Metal concentrations and speciation in fish from the Far North of Ontario; implications for subsistence consumption and the Ring of Fire development

Locally-caught freshwater fish is a healthy and important source of protein, especially for First Nation peoples living in remote communities across northern Ontario, where access to affordable fresh produce is limited. However, some of these fish have elevated concentrations of chromium (Cr), a potentially toxic metal that is abundant in the surrounding bedrock. Not all forms of Cr, however, are toxic to humans and the main goal of our study is to develop a method to differentiate the begin form of Cr (Cr3) from the toxic form (Cr6). In collaboration with the Wildlife Conservation Society of Canada, we will investigate how Cr3 and Cr6 concentrations differ between fish species (e.g., whitefish vs. walleye) and among lakes and rivers across northern Ontario. This information will help refine consumption advisories and can be used by companies planning mining activities in the “Ring-of-Fire”, a mineral-rich region in northern Ontario, to monitor environmental impacts.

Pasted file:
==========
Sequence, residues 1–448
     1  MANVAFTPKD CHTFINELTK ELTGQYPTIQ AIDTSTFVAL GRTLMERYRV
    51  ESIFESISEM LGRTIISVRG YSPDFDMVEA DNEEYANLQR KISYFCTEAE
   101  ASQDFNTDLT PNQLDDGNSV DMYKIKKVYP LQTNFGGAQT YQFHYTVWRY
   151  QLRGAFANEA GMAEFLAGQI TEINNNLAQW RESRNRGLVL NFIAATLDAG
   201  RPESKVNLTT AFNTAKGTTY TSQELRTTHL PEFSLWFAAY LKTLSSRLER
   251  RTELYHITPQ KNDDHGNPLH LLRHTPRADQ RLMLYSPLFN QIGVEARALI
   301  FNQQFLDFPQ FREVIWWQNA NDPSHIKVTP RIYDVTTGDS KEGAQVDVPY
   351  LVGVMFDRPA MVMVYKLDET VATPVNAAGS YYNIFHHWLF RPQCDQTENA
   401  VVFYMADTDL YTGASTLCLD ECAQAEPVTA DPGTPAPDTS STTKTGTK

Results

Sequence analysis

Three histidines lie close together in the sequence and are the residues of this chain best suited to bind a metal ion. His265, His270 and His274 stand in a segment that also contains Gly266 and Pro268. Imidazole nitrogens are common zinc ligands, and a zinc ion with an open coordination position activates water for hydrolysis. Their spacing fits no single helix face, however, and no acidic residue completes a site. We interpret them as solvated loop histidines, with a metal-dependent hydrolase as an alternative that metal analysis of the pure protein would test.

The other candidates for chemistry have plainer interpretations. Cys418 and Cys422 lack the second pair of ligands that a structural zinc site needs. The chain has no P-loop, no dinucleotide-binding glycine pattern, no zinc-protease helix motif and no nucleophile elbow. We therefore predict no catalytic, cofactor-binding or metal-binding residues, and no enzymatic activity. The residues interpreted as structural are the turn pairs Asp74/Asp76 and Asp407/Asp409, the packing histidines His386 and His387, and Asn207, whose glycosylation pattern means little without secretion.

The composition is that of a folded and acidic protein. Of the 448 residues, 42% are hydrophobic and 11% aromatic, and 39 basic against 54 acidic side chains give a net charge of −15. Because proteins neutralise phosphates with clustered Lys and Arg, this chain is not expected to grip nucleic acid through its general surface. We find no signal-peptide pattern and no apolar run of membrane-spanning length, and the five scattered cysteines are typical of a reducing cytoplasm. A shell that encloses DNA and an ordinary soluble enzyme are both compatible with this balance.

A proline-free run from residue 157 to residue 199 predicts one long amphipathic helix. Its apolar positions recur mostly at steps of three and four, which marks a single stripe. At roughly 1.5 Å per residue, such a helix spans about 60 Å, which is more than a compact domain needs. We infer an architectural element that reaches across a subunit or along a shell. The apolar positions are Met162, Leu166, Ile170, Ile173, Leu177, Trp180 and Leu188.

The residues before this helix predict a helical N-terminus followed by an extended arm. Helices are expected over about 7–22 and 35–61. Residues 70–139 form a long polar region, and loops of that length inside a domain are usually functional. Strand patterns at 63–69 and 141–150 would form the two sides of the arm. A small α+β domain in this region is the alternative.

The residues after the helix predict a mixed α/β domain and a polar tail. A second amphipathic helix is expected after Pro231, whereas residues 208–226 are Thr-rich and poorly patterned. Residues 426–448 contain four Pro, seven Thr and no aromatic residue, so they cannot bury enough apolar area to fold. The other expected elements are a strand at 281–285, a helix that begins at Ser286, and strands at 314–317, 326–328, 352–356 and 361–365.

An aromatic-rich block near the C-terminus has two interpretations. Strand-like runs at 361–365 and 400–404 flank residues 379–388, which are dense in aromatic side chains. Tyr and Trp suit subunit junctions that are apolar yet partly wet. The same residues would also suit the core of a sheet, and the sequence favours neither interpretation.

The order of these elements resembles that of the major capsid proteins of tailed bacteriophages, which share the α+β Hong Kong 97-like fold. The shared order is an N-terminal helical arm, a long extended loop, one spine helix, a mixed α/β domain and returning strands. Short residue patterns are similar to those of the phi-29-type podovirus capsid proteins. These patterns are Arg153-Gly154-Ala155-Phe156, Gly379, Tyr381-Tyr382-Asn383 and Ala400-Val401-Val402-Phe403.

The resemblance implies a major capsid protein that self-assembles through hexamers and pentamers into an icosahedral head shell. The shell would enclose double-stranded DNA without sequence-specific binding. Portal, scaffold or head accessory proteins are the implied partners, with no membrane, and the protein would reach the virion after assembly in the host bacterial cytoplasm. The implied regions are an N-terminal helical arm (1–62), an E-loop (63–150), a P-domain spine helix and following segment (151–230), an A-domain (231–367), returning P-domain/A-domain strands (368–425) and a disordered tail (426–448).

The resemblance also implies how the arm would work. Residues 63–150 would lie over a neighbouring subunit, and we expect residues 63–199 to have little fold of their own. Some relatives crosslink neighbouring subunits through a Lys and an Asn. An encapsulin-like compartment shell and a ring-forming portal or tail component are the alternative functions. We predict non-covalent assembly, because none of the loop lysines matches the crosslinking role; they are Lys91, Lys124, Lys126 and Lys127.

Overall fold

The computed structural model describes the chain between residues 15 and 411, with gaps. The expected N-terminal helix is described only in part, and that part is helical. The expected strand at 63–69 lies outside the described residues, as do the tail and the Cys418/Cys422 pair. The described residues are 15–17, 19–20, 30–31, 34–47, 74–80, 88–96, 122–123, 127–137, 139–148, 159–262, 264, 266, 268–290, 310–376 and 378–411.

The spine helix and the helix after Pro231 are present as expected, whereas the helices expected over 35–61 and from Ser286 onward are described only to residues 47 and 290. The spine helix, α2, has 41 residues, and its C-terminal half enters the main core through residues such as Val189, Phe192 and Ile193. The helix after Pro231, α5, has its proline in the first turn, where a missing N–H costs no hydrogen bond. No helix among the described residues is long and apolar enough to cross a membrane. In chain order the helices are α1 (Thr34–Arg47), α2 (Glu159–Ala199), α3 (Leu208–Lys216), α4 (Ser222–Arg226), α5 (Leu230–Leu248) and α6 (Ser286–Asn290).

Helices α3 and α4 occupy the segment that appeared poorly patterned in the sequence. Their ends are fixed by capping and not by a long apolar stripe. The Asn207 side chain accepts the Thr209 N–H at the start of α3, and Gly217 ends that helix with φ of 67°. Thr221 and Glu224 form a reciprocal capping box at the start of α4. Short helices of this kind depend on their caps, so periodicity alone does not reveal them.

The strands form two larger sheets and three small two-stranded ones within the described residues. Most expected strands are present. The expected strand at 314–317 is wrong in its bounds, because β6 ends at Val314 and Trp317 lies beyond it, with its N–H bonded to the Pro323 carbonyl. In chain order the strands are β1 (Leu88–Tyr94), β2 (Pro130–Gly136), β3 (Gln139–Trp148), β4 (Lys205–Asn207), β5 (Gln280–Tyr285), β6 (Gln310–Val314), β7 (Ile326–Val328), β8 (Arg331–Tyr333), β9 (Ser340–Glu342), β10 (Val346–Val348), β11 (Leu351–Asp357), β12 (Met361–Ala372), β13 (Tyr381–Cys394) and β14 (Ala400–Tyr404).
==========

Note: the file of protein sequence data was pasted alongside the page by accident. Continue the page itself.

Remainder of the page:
Faculty Supervisor:

John Gunn


Gretchen Lescord


Wildlife Conservation Society Canada




Environmental industry




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